Has nothing to do with Larry The Cable Guy.

Tropes included:

  • Antagonist Title: It's Chip's job, after all.
  • Anti-Villain: Chip is a creepy obsessive stalker, but only because he's really lonely.
  • Aside Glance: Chip at the end of the film.
  • Ax-Crazy: Chip Douglas. The beatdown he gives Robin's date (and his rambling as he does so of things like Dizzy Gillespie) and his "role-playing" on the Medieval Times (which apparently had him fantasizing Star Trek (specifically the TOS episode "Amok Time") at one point) are pretty good examples of how this Trope fits him.
  • Battle in the Rain: The climax on the satellite dish.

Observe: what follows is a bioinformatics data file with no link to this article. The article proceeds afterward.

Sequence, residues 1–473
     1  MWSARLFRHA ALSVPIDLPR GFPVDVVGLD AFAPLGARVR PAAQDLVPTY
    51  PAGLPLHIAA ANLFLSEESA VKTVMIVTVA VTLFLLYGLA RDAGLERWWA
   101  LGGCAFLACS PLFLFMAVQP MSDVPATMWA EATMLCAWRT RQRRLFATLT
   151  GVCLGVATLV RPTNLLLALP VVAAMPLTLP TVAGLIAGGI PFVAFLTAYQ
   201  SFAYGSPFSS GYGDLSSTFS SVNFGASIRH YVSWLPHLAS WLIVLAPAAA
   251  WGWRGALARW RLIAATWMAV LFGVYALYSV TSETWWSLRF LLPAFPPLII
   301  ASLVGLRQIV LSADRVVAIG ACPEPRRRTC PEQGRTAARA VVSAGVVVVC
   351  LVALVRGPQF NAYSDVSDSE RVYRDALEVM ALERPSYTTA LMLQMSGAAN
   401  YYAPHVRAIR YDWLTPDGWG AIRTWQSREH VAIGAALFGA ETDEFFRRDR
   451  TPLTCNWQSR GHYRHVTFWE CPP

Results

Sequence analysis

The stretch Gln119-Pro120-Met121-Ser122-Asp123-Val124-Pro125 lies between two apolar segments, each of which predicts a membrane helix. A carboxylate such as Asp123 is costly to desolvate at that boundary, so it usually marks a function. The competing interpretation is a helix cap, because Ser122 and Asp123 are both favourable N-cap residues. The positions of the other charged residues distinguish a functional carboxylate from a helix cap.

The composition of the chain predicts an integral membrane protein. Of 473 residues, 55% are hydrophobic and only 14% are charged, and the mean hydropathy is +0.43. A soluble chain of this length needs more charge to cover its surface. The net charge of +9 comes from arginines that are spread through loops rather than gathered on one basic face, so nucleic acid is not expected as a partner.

• Black Comedy: One of the reasons the film didn't take off as big as expected. At the time, Carrey was known for his wacky characters, and audiences were not prepared to see him as a creepy stalker.
  • Celebrity Paradox: Chip makes a reference to Waterworld, which Jack Black had a cameo in.
  • Character Name Alias /I Have Many Names: His name isn't really Chip Douglas. Or Larry Tate. Or Ricky Ricardo. Or George Jetson. Or even The Big Ragu.
  • Climbing Climax: The climax occurs on the scaffolding surrounding the massive satellite dish Chip takes Steven to earlier in the movie. Lampshaded to hell and back by Chip as a very good place for a "final battle" to occur.
  • Cloudcuckoolander: Chip. Deconstructed in that other people realistically react to him like he was dangerously insane (and he is).
  • Creator Cameo/Talking to Himself: Ben Stiller plays twin brothers Sam & Stan Sweet. Eric Roberts plays them as well in a Show Within a Show "based on a true story" movie-of-the-week advertisement.